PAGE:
The third chapter is titled “Grieving, Believing, Perceiving,” which reminds me immediately of Walter Brueggemann’s excellent book Reality, Grief, Hope, which I have revisited in sermons, conversations and even our Indiana-Kentucky Annual Meeting theme in the last two years. The difference here is that Dorhauer takes on the truth-telling (reality) and grieving with a greater openness, depth and brutal honesty than I have seen anywhere else. It is painful, but also affirming to hear that we are not alone in our struggles. He shares openly about the shrinking opportunities for clergy and the feelings of failure. I felt heard and seen for the first time. Though the truth is depressing, it is liberating to hear it told, especially from the new GMP of the UCC. He gets it.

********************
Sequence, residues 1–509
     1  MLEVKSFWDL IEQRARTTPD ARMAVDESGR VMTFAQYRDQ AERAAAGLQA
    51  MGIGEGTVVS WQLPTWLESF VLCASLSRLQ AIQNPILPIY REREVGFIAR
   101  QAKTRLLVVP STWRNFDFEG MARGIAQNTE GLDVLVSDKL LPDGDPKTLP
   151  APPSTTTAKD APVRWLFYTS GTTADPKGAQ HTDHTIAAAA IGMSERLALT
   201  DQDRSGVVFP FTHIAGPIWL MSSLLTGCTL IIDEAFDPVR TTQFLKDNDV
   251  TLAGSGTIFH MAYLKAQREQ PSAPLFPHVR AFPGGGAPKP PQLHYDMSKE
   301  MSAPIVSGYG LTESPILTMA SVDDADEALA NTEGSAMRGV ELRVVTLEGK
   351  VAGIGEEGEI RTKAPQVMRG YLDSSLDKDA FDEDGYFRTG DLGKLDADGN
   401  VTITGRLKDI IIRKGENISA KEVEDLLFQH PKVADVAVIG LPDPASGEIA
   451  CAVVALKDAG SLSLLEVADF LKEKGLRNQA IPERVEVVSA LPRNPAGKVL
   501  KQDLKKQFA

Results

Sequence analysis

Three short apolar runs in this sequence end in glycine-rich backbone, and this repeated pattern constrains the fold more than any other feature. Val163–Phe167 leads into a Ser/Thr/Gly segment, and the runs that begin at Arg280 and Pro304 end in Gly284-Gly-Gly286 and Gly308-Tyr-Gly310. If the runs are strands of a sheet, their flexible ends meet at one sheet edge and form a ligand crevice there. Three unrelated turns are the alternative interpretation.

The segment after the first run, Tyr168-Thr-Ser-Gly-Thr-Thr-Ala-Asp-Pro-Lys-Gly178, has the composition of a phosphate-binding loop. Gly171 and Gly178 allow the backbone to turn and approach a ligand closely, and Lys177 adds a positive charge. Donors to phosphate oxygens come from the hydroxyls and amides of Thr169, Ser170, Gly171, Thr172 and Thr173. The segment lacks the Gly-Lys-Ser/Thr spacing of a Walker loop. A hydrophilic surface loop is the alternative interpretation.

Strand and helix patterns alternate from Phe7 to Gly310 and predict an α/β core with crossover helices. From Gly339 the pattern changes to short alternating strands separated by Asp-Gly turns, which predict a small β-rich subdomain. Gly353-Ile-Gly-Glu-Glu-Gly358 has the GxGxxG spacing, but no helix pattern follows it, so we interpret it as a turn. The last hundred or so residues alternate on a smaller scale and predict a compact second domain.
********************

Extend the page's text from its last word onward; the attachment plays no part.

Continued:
As he moves toward the hopeful–believing and perceiving in his rubric–Dorhauer names the current task in this time of tumultuous change as identifying the core values and practices that cannot change if we are to remain faithful to the Gospel.
The Church as we know it is going to have to live through open debate about what changes can and will be accepted, and what changes simply cannot be made. … Knowing, through the time of change, what is so important that, if it is altered, we cease to be is an essential task of the Church. Knowing what must be passed on through the sea of change that is coming is important. (56)
In his role as GMP, I hope he leads our entire denomination through this kind of rigorous open debate. It is sure to be painful at times, but it is the best ministry we can offer right now, I believe.